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Tough luck : Sid Luckman, Murder, Inc., and the rise of the modern NFL
2019
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"In the long annals of sports and crime, no story compares to the one that engulfed the Luckman family in 1935. As eighteen-year-old Sid Luckman made headlines across New York City for his football exploits at Erasmus Hall High School in Brooklyn, his father, Meyer Luckman, was making headlines in the same papers for a very different reason: the gangland murder of his own brother-in-law. Amazingly, after Sid became a star at Columbia and then led the Chicago Bears to multiple NFL championships, all whileMeyer wasted away in Sing Sing, the connection between sports celebrity son and mobster father was ignored by the press and then overlooked for eight decades. Tough Luck traces two historic developments connected by a single immigrant family in Depression-era New York: the rise of the National Football League through the dynastic Chicago Bears, whose famed owner George Halas convinced Sid Luckman to help him turn the sluggish game of pro football into America's favorite pastime; and the demise-triggered by Meyer Luckman's crime-of the Brooklyn labor rackets and of Louis Lepke's infamous organization Murder Inc. Filled with colorful characters-from ambitious district attorney turned governor Thomas Dewey and legendary columnist Walter Winchell, to Sid Luckman's rival quarterback "Slingin'" Sammy Baugh; from hit men like "Tick Tock" Tannenbaum, to Sid's powerful post-career friends Frank Sinatra and Joe DiMaggio-Tough Luck unforgettably evokes an era of vicious Brooklyn mobsters and undefeated Monsters of the Midway, a time when the media kept their mouths shut and the soft-spoken son of a murderer could become a beloved Hall of Fame legend with a hidden past"-- - (Baker & Taylor)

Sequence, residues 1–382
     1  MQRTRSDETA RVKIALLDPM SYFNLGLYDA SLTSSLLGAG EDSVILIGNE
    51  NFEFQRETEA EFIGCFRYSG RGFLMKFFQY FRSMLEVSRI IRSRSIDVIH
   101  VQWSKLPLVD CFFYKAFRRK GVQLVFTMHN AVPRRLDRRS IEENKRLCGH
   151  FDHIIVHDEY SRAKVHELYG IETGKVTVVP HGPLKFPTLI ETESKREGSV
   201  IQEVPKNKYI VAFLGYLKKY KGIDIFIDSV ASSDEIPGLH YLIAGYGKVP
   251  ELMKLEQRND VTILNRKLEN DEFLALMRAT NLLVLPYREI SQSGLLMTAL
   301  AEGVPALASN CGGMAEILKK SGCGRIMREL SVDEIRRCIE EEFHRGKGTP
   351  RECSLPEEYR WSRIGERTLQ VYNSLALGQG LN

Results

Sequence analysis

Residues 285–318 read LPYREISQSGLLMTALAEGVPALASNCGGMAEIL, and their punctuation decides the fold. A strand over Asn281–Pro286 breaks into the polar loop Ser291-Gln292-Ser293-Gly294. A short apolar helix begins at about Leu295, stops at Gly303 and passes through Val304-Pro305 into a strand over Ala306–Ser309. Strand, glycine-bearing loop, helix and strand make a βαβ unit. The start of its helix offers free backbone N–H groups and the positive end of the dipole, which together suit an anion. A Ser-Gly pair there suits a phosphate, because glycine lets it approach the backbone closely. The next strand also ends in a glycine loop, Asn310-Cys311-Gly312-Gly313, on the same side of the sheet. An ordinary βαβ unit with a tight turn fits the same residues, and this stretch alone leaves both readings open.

Traces the connection, overlooked by media at the time, of Sid Luckman, a Hall of Fame NFL quarterback in Chicago and his father, Meyer Luckman, who served 20 years in Sing Sing for the gangland murder of his own brother-in-law. - (Baker & Taylor)

A remarkable tale of a golden son and his disgraced father, layered over the unforgettable era of Brooklyn mobsters and the rise of the National Football League - (Perseus Publishing)

In the long annals of sports and crime, no story compares to the one that engulfed the Luckman family in 1935. As 18-year-old Sid Luckman made headlines across New York City for his high school football exploits at Erasmus Hall High School in Brooklyn, his father, Meyer Luckman, was making headlines in the same papers for a very different reason: the gangland murder of his own brother-in-law. Amazingly, when Sid became a star at Columbia and a Hall of Fame NFL quarterback in Chicago, all of it while Meyer Luckman served 20-years-to-life in Sing Sing Prison, the connection between sports celebrity son and mobster father was studiously ignored by the press and ultimately overlooked for eight decades.